Three new art history classes for Spring 2009 have been added to the roster of classes.
The first is ARTS348, Arts of the Italian Renaissance. It will be taught by Prof. Christina Neilson.
Course description: “This class will explore a range of alternative approaches to Italian Renaissance art and examine works by some of the most famous artists of the Western tradition, including Giotto, Leonardo, Raphael, Michelangelo and Titian. Topics to be explored include: the significance of naturalism; the revival of antiquity; the rise of the cultivated patron; miraculous images and civic life; art and politics; portraiture and gender.”
ARTS417, The Museum as Institution and Object, is to be taught by Prof. Jim Van Dyke.
Course description: “A seminar exploring the art museum as an historical phenomenon, social institution, and architectural type emerging in the late eighteenth-century and ever since functioning to produce definitive narratives and authoritative knowledge about artistic value and aesthetic experience. The seminar will also examine the work of artists who since the 1970s have employed various strategies and media in their work to reflect upon the premises, limitations, and effects of the art museum as an ideological apparatus.”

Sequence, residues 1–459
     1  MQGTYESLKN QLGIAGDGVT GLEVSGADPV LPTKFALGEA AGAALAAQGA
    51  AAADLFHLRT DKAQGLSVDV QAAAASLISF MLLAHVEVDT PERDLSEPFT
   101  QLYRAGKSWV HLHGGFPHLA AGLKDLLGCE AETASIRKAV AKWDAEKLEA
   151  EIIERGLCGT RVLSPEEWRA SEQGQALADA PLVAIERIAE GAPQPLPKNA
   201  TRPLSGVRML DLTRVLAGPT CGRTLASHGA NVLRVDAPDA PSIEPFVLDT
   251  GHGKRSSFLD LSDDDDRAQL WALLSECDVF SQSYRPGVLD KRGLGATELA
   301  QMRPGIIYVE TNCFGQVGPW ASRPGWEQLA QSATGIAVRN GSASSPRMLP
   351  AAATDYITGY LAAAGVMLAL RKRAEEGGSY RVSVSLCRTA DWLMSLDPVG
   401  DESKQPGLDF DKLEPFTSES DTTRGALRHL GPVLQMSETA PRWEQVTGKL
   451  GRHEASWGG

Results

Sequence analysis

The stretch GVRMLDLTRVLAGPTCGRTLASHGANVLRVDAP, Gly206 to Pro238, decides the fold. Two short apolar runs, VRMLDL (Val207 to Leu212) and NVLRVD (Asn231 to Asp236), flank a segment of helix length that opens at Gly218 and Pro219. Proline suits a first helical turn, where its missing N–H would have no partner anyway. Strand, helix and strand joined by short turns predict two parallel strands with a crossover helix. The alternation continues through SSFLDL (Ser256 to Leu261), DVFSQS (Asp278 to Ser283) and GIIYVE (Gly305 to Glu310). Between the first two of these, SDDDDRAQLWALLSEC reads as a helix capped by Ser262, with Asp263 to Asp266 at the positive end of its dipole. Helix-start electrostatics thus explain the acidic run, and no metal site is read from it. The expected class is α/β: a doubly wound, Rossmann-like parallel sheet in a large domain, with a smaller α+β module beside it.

Prof. Bonnie Cheng is no longer planning on offering her seminar “Death and Dying in East Asian Art;” rather she will be leading ARTS455, New Ghosts Old Dreams: The Art of Post-Imperial China.
Course Description: “During the 20th century, China struggled frequently with internal and external forces in its attempt to reconcile its political authority and its position in the post-imperial world. This seminar considers the various phases in which China refashioned its artistic identity in light of compelling social forces. Underlying themes include the lingering burden of traditional China and the dilemma of Westernization. Both official trends and unofficial counter-currents will be explored as responses to the confrontation of the West.”
You can go to the online course catalog to see details about prerequisites and enrollment limits.